Google.com and Gmail were offline in China on Wednesday as Chinese authorities try to exercise more control over Internet content.

Thomas Claburn, Editor at Large, Enterprise Mobility

June 25, 2009

3 Min Read

Google appears to have become a pawn in a new, more aggressive campaign by the Chinese government to block information it deems to be unhealthy.

Google.com was inaccessible for about two hours Wednesday evening, according to a report in the English language China Daily. The outage occurred around 9 p.m. Beijing time. Gmail was also affected while Google.cn was not.

It's unclear whether the outage was related to the Chinese government's condemnation of Google last week for including pornographic links in search results lists and search auto-complete suggestions.

Google did not respond to requests for comment.

Coincidentally, on Wednesday, China's Ministry of Health said it would stop porn sites that masquerade as health Web sites.

"The ministry will strengthen its management and supervision of sex health Web sites in the country to guarantee scientific and accurate information and prevent lewd content in disguise," Deng Haihua, head of the ministry's information office told the state-run Xinhua News Service on Wednesday.

The new regulations require Web sites distributing sex-related health content to include source attribution information via watermarks in visual files -- which appears to include both video and images -- or via text for written sexual content. These rules take effect on July 1, the date that China also happens to have set for compliance with its Green Dam Web filtering software mandate.

China's Ministry of Industry and Information Technology said it will require all PCs sold in the country to include Web filtering software called Green Dam, starting July 1. It remains unclear whether that means the software must be installed and active on all machines, included on a separate installation CD, or is entirely optional. Translations of the original memo come to different conclusions about the specific technical requirements and the MIIT has not issued an authoritative clarification.

But the formal letter of objection issued on Wednesday by U.S. Secretary of Commerce Gary Locke and U.S. Trade Representative Ron Kirk indicates that the U.S. government believes the Green Dam software is not optional.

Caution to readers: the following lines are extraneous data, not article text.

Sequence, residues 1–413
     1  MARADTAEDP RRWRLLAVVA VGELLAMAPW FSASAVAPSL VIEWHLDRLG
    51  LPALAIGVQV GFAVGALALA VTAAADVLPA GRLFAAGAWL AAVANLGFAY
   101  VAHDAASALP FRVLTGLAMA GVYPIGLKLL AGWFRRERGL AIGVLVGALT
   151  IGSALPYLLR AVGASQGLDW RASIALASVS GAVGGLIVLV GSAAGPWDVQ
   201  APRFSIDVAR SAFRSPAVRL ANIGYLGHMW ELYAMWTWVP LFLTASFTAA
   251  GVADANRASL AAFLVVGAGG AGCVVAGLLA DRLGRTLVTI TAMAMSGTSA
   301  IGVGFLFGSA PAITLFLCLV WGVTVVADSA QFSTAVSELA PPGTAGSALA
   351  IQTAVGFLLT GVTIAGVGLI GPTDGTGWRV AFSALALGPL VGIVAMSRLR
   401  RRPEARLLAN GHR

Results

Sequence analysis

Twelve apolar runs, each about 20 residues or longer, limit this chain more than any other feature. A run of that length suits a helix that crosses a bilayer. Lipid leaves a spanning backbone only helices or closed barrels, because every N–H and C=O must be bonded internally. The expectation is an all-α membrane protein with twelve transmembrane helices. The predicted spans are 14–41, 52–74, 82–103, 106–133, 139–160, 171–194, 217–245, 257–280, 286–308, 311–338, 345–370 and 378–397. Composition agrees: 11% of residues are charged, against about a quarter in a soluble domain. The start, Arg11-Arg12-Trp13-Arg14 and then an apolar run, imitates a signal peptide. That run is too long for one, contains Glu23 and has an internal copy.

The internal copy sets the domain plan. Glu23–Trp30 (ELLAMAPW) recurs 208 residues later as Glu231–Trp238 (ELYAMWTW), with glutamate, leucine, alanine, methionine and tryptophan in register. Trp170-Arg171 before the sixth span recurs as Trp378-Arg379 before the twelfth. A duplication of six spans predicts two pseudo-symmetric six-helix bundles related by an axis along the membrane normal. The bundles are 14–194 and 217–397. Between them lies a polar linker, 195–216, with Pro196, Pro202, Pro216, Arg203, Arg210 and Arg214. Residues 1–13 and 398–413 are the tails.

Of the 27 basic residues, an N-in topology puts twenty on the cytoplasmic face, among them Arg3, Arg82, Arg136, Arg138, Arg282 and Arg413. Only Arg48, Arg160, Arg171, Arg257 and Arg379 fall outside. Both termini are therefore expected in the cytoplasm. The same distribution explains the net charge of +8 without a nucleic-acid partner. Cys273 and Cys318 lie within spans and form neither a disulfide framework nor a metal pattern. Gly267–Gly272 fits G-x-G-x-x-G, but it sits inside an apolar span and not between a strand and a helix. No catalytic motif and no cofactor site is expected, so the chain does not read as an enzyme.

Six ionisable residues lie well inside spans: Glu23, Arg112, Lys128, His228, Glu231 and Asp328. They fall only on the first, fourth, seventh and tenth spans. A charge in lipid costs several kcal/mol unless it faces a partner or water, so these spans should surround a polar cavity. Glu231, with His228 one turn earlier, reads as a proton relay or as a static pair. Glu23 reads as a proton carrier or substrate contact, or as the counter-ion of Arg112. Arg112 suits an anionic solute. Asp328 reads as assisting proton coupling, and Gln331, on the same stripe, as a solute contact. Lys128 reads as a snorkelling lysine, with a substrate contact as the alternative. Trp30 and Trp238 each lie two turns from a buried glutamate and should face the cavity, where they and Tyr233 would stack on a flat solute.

Chinese authorities have faced a drubbing from online critics both inside and outside China for its effort to clean up the Internet. The Communist Party's propaganda arm has reportedly asked media outlets to stop being so critical of Green Dam. But the state-run media hasn't done a very good job making the government's case. A recent report on China State Television (CCTV), for example, included an interview with a young man upset by the pornography available through Google. Chinese bloggers subsequently unmasked the young man, Gao Ye, as an intern at CCTV.

The incident proved to be sufficiently controversial that Google.cn, whether from government pressure or fear of offending, temporarily blocked searches for Gao Ye.

In a blog post on Thursday about that the blowback China has faced from its citizens and, more recently, from the U.S. government, Rebecca MacKinnon, assistant professor at the University of Hong Kong's Journalism and Media Studies Center, observes that the crackdown looks like an attempt to mask embarrassment that it has overreached.

"It seems the government is having trouble finding a face-saving way to climb down," she said. "Rather than admit they made a mistake and work out a sensible solution with domestic and foreign industry, they have chosen instead to escalate in an increasingly irrational manner that serves only to increase Chinese Internet users' scorn and irritation."

MacKinnon also notes that Google seems to have been singled out because its main competitor, the Chinese-owned Baidu, hasn't been forced to remove pornography. However, she also points to Chinese bloggers who claim that Google's persecution is only making it more popular in China.

About the Author(s)

Thomas Claburn

Editor at Large, Enterprise Mobility

Thomas Claburn has been writing about business and technology since 1996, for publications such as New Architect, PC Computing, InformationWeek, Salon, Wired, and Ziff Davis Smart Business. Before that, he worked in film and television, having earned a not particularly useful master's degree in film production. He wrote the original treatment for 3DO's Killing Time, a short story that appeared in On Spec, and the screenplay for an independent film called The Hanged Man, which he would later direct. He's the author of a science fiction novel, Reflecting Fires, and a sadly neglected blog, Lot 49. His iPhone game, Blocfall, is available through the iTunes App Store. His wife is a talented jazz singer; he does not sing, which is for the best.

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